What You Can Learn from these High-Impact Organisations’ Learning and Development Strategy Examples
The learning and development (L&D) strategy plays a fundamental role in high-impact organisations. There’s no one-size-fits-all approach, sadly, but there are common approaches that can be applied in almost any circumstance.
Proactive, employee-centric and business-driven learning and development creates impactful ROI for the L&D function and, therefore, the organisations they serve. It all depends on your desired outcome. Without further ado, let’s look at some of the strategic ways industry-leading organisations utilise L&D.
What is the purpose of a learning and development strategy?
A learning and development strategy outlines how an organisation uses employee training to achieve business objectives. It is a core part of business strategy, using company needs, workforce capacity and capability gaps as the basis for personalised development pathways for employees.
Key elements of impactful learning and development strategies
Before we get into some heavyweight examples of L&D, let’s look at some of the shared tenets of truly impactful learning and development. You’ll find it comes down to a few simple elements: Forethinking, employee-centricity and the institutionalisation of learning.
Proactive, not reactive
Many organisations are stuck in reactive training models. They wait until a problem arises and then use it as the trigger for formal training. This may remain the case for certain styles of employee training, but it can’t be what an entire organisation’s L&D function (including budget and structure) is based on.
An effective learning and development strategy looks at predictive analytics (think skills gap analyses) to determine what is needed in the future business environment, now. Training programs then pre-emptively fill gaps, using L&D and organisational budgets more efficiently. Plus, it’s motivating for employees to see the link between their unique capabilities and the strategic objectives of the organisation.
Employees at the centre to drive business strategy
Employees are at the heart of what you do as they literally drive business strategy. A functional people strategy supports this. But what supports the constantly evolving culture and talent pipeline as your organisation grows? Learning and development.
Take Spotify’s approach. It’s people-first and purpose-driven to add business value, underpinned by business infrastructure (“Where are we going? How will we get there?”). They’re looking for new skills and traits that universities aren’t developing yet (ahem, proactive). But Spotify know, more than anything, that professional development gives:
- Employees a reason to emphatically contribute their value to the company’s mission.
- Organisations a collection of critical, sustainable and irreplicable capabilities.
Enable and empower lifelong learning
On the job learning happens every day. Think about an employee teaching another how to optimally utilise a software program. Or a senior associate answering a junior’s on-the-fly questions. The old “can you look over this quickly for me?” Account for and encourage informal learning as part of the employee development process.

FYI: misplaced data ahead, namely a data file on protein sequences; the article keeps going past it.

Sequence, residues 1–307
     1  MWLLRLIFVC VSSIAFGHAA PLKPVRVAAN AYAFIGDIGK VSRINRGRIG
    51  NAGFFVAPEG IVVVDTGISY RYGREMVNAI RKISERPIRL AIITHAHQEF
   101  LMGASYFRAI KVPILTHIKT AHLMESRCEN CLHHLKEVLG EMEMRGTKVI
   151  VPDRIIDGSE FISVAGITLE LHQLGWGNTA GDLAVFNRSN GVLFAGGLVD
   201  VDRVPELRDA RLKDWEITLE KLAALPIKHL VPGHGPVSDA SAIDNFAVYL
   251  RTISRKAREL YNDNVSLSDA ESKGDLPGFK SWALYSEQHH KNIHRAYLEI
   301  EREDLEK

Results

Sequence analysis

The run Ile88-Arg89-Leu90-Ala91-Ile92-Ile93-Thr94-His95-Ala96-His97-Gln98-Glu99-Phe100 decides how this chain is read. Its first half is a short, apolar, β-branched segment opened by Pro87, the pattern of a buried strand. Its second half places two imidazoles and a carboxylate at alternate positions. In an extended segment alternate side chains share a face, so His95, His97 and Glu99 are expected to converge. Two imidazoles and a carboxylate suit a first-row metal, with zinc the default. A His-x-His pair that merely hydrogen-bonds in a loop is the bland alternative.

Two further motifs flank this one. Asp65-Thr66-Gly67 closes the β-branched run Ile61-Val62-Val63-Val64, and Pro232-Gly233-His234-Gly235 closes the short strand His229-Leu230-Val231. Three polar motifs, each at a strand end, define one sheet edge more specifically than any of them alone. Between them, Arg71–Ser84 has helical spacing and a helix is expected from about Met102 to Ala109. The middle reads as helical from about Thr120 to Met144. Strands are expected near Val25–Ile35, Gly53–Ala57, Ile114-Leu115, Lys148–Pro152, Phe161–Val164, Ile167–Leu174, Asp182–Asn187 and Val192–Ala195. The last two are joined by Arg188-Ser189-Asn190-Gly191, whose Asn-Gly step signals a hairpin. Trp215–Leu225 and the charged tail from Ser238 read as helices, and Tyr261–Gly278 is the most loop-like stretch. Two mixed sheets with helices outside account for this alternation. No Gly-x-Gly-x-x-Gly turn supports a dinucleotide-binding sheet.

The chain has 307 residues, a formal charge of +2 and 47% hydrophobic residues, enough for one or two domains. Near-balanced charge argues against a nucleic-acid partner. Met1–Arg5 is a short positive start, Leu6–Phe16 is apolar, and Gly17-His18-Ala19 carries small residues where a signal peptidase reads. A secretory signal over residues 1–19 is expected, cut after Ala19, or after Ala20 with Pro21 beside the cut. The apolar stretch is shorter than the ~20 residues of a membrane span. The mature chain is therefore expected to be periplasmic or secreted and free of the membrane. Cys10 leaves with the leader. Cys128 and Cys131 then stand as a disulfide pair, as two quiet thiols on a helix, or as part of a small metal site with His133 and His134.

Creating a culture of learning is just as important as working out how corporate learning will be formally carried out, because it ensures employees stay motivated to contribute to your organisation’s mission. (And employees who see how valuable their impact is to your organisation are more likely to keep their institutional knowledge and expertise within your walls.)
Learning and development strategy examples
As we’ve previously discussed, there should be a focus (or a few core focuses) for an effective learning and development strategy. Consider a business outcome as this will filter down into the attitude towards learning, products, tools and technology used, and ultimately, the capabilities developed.
Let’s look at how some industry leaders are implementing their learning and development strategies. Remember that while your employees may not number in the tens of thousands, the same foundational principles can be applied at your speed.
Yelp: A learning and development strategy for learning culture
A mature learning culture is replicable, measurable and impactful. Online directory Yelp is an excellent example of a strategically impactful learning culture that consistently develops people from the moment they enter the organisation.
Yelp utilises two best practices for their learning and development strategy:
- People are placed in stretch roles—positions for which they possess most of but not all the required skills.
- Internal promotions to inspire a culture of mentoring.
Lunch and learns, leadership passion/expertise presentations, internal guest speakers and company hackathons are all activations used in the everyday flow of work by Yelp. Anonymous surveys give further insight into how things get done compared to what things get done.
90% of employees rated their managers as effective as a result of training actions taken from those anonymous surveys. Better yet, 98% of sales management roles became internal hires—from a pool where the majority have never worked in sales before. Oh, and not to mention, this whole strategy was done with an L&D team of one.
Take lunch and learns: These can be work-related (and therefore valuable for other roles in centralised teams) work-adjacent or even just based on personal interests. People talk about things they are confident in or passionate within a familiar environment and with friendly faces. This gets employees experienced with speaking authoritatively on areas of expertise.
Then there’s the leadership presentation tactic. It’s based on the idea of paying it forward—“it” being knowledge and deep expertise gained through a level of experience. All of this is rather informal mentoring. Consider your formal mentoring endeavours as another pathway to succession. As well as matching candidates to enable general career development, look to create mentoring partnerships with very tangible end goals like immediate succession.
What’s the L&D ROI win? We know that business leaders want to see strategically impactful metrics like employee engagement and team effectiveness. Low-cost and employee-run learning events that encourage collaboration are shown to improve the employee experience as they rest on individual motivation to share critical knowledge.